The Supreme Court on Monday said it will have to consider the issue that there was no contest on over 20,000 seats in recently-held elections for local bodies in West Bengal in the wake of allegation that the candidates were obstructed from filing their nomination papers.
A bench comprising Chief Justice Dipak Misra and justices AM Khanwilkar and DY Chandrachud reserved its verdict on the pleas filed by the West Bengal State Election Commission and parties like the BJP and CPI (M).
It has been alleged by the BJP and the CPI (M) that candidates from ruling All India Trinamool Congress in West Bengal were only allowed to file nomination papers and as a result, they won without any contest.
"The issue of non-acceptance of nomination papers by the Election Commission has to be dealt by the election tribunal in election petition.
"The issue was that over 20,000 seats went un-contested and the allegation was that the non-contest was due to the obstruction in filing of the nomination papers. The another aspect, which has been highlighted, was that nomination papers were filed by the candidates of one party. We have to see as to what can be done in such a situation," the bench said.
Senior advocate Vikas Singh, appearing for the state government, raised the issue of constitutional crisis in view of the fact that panchayat and local bodies have to be notified to avail funds to the tune of Rs 20,000 crore.
The election results of local bodies have to be notified to ensure that the funds are availed and utilised for the public welfare, he said.
The bench made clear that that it did not approve of the Calcutta High Court order allowing the filing of nomination papers through e-mails and WhatsApp.
It, however, said the it would consider the circumstances in which the high court passed such a direction to infer that there were obstructions in filing of nomination papers.
The counsel for the ruling party opposed the plea of BJP and CPI (M) and said that not a single affected candidate is a party before the top court and it is the political parties which are before it.
Earlier, the West Bengal government had told court that the row over the recently concluded panchayat polls in the state has led to a "constitutional crisis" since the tenure of several panchayats were over and new bodies have not been made functional.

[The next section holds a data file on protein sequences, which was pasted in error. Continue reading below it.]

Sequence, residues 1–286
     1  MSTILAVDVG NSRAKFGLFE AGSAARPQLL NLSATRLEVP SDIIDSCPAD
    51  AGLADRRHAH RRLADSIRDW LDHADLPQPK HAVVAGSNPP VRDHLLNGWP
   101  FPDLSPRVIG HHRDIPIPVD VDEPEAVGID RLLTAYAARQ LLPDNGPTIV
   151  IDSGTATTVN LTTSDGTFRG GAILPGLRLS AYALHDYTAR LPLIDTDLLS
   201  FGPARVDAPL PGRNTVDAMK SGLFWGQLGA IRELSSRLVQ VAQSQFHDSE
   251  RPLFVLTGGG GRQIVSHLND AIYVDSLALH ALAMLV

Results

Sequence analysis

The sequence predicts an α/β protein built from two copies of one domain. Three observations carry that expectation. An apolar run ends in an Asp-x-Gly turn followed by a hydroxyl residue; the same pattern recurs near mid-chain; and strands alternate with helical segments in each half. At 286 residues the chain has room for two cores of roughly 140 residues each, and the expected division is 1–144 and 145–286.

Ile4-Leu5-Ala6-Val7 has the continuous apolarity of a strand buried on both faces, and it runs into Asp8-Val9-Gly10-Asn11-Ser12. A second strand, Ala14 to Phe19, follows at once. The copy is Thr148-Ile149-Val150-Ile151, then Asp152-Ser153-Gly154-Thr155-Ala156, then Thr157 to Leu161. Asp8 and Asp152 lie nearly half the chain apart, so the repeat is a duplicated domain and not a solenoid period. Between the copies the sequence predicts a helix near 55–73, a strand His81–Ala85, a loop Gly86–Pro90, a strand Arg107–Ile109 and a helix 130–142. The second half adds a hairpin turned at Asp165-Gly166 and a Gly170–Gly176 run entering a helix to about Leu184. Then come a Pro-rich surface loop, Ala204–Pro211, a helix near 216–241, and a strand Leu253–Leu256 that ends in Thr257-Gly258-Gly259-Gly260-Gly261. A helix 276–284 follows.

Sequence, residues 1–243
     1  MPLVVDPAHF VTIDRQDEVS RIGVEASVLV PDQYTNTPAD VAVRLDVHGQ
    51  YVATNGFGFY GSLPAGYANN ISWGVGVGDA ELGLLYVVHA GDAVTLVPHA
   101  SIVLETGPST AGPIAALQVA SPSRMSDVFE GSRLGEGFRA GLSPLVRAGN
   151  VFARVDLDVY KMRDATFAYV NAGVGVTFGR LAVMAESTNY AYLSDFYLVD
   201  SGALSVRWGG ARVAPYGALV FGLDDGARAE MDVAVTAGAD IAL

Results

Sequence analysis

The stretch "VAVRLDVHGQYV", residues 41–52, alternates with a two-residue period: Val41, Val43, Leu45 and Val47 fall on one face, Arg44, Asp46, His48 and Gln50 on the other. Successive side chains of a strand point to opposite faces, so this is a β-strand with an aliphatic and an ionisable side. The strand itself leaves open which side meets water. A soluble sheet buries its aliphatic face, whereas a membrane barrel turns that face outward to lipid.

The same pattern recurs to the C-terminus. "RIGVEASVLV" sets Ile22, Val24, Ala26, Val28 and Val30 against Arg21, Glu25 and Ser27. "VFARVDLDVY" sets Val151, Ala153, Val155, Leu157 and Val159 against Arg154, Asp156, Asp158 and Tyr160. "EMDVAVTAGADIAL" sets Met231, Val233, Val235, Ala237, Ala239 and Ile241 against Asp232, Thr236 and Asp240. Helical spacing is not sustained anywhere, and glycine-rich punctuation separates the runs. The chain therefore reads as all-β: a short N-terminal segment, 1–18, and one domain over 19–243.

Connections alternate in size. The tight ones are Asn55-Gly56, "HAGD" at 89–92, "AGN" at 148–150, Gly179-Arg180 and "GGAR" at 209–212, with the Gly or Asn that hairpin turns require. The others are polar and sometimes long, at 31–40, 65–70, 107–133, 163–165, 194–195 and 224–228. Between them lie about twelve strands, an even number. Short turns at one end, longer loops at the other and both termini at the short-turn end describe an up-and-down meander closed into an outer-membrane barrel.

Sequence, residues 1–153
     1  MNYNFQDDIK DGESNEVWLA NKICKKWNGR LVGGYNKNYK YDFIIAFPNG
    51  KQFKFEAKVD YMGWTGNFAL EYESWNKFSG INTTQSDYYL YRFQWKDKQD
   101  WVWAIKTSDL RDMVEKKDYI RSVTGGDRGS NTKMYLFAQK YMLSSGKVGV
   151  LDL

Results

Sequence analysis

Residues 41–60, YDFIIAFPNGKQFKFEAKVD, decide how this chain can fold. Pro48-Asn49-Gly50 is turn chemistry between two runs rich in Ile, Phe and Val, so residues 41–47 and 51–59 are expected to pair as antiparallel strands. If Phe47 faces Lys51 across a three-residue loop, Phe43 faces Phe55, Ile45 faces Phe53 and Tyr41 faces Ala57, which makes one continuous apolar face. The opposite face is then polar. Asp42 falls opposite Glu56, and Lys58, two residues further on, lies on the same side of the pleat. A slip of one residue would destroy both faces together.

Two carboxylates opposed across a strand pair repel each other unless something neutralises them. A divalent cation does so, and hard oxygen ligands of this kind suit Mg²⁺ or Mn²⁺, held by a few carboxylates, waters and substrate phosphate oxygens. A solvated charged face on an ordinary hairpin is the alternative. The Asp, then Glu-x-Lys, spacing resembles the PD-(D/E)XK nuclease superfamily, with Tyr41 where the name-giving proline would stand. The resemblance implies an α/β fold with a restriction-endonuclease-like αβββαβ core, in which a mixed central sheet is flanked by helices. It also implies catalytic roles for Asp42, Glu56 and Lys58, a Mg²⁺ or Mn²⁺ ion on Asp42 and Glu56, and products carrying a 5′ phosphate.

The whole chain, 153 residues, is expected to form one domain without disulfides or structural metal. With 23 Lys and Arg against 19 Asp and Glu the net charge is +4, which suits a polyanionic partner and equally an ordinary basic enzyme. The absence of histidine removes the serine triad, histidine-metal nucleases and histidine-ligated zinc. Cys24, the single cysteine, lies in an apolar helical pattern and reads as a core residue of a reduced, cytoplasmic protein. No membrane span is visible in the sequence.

The top court had earlier stayed the high court order asking the state election body to accept the nomination papers filed through e-mail for panchayat elections and directed the poll panel not to declare in the gazette the names of those candidates who had won unopposed.
"The funds allotted to panchayats will go back. There is a constitutional crisis under Article 243(E) of the Constitution. The development in the villages has come to a standstill," the counsel for the state government said.
The top court had on August 13 asked the state election panel as to whether it conducted any probe into the fact that a large number of seats in the local body elections in the state went uncontested.
Out of a total 58,692 posts for gram panchayat village, zilla parishad and panchayat samiti, 20,159 had remained uncontested in the violence-marred local polls in the state held in May this year.
The top court had said that the issue of huge number of uncontested seats has been bothering it.
The poll panel, however, argued that 33 per cent of nearly 50,000 panchayat seats going uncontested in the state was not "an alarming situation".
It had cited Uttar Pradesh where almost 57 per cent panchayat seats went uncontested and the figure was 51, 67 and 27.6 per cent in Haryana, Sikkim and Andhra Pradesh respectively.
The West Bengal government had said that the panchayat polls cannot be set aside on the basis of "conjecture and surmises" of some political parties as no individual candidate has approached the court with the claim that he or she has been restrained from filing nomination papers.
Elections were held in phases for 48,650 posts in Gram Panchayats, 825 posts in Zilla Parishads and 9,217 posts in Panchayat Samitis and it has been alleged that around 34 per cent seats were uncontested.
The top court had earlier refused to stay the poll process observing that there were a plethora of judgments which have held that once the poll process has begun, it cannot be interfered into by any court.
The court was hearing an appeal filed by the state election panel against the High Court order asking it to accept the nomination papers filed through e-mail for the panchayat elections.
The CPI(M) had claimed that many of its candidates were prevented from filing nominations by the state's ruling Trinamool Congress.
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